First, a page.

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I worked at not being a pushy parent and continued to follow my 16-year-old daughter’s lead. If Beth asked to go to the YMCA pool to practice on her own, we went, but I never suggested it. I worried about her getting run down from pushing herself too hard. Everything took more time and effort with a spinal cord injury.
After Beth figured out the balance needed to move on her stomach in the water, the butterfly seemed to be the most doable forward stroke. She took a breath after two arm strokes of the butterfly, as she did with the backstroke. Breathing was more of a challenge with her initial freestyle attempts, but the breaststroke was the hardest.
“When I first swam the breaststroke, I went backwards,” Beth said.
Once a week in Toledo, she tried to learn the butterfly, freestyle, and breaststroke. A coach sometimes worked with her in the water before her backstroke laps. At her practices without a coach at our local YMCA, she experimented with the forward strokes, despite impaired arms and no use of her legs.
Beth competed with the butterfly for the first time at the Turkey Meet in Toledo on Thanksgiving weekend. She loved how it felt to fly (slowly) through the water. She also selected her events for the Ohio Senior Meet in March. With typical courage, she signed up for the 150 Individual Medley (IM) that included strokes she could hardly swim.
A week before the March meet, a Toledo coach suggested dropping the IM. Beth talked him into keeping it. It wasn’t smooth or pretty, but she swam the butterfly and breaststroke (and backstroke) nine months after Seattle at the Senior Meet in Erlanger, Kentucky. I lifted her out of the pool while the packed crowd applauded.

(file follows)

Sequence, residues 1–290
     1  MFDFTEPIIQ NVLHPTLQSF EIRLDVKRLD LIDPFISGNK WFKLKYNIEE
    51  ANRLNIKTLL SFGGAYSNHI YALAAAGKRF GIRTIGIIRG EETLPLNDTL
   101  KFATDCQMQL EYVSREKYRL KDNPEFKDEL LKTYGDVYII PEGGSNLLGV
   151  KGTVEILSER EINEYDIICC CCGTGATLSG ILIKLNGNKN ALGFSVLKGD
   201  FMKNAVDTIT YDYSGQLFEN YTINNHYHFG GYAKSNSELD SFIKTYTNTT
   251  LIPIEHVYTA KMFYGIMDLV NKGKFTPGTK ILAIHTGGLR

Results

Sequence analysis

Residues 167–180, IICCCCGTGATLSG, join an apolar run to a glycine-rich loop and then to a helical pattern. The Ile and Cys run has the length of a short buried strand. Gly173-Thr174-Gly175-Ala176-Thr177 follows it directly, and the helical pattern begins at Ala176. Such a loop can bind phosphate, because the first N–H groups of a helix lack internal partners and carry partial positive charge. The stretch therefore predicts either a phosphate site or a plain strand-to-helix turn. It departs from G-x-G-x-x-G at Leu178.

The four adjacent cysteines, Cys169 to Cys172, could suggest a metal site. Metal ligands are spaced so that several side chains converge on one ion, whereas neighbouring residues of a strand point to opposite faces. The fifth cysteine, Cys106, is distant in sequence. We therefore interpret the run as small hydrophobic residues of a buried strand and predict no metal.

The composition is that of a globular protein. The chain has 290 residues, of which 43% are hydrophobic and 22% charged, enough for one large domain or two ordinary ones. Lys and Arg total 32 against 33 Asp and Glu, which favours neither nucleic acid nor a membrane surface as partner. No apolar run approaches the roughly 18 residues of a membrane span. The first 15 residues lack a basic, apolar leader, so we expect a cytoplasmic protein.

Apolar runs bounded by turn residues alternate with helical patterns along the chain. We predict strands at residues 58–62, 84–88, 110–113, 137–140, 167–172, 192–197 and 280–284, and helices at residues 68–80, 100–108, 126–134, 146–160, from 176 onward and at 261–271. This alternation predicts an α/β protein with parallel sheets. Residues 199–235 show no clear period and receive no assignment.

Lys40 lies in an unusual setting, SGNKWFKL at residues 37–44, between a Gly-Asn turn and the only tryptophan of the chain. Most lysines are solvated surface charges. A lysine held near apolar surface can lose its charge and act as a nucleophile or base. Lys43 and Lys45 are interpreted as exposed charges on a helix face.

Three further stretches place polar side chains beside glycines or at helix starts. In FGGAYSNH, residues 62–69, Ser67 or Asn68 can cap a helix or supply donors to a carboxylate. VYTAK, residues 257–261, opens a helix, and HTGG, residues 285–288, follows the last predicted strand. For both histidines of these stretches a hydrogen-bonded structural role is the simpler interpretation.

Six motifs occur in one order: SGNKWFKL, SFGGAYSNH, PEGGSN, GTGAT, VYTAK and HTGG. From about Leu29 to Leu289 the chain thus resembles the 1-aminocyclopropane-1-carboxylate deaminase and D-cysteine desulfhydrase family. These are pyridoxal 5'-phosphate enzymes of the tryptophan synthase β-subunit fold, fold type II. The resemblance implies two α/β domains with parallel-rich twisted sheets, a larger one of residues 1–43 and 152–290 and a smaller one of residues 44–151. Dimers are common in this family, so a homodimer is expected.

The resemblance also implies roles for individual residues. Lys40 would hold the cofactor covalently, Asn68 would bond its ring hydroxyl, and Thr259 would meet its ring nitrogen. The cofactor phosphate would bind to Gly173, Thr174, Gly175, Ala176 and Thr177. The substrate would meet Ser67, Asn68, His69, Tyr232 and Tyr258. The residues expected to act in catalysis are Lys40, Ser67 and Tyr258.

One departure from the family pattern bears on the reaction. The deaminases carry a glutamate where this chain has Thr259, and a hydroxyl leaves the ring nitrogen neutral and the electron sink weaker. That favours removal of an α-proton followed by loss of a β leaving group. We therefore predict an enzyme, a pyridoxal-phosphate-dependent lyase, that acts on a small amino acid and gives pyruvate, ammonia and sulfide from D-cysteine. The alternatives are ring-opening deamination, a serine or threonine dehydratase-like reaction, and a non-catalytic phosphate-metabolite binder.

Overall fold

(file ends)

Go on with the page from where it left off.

Beth and I hadn't known that our hometown had a swim club — until they attended the same Senior Meet with their coach, Peggy Ewald. We had only known about the high school's team. Peggy talked to Beth’s Toledo coaches and volunteered to help with some of her solo practices in Tiffin.
We met Peggy at the YMCA pool about once a week as Beth pursued her quest to master all of the strokes. They took on the intricate details of moving and breathing in the water.
“Coach Ewald was excited to work with me from the first time I met her,” Beth said.
A mom with a story
to share about injuries that never heal and fortunate accidents. About guilt, disability, perspectives, and unexpected adventure.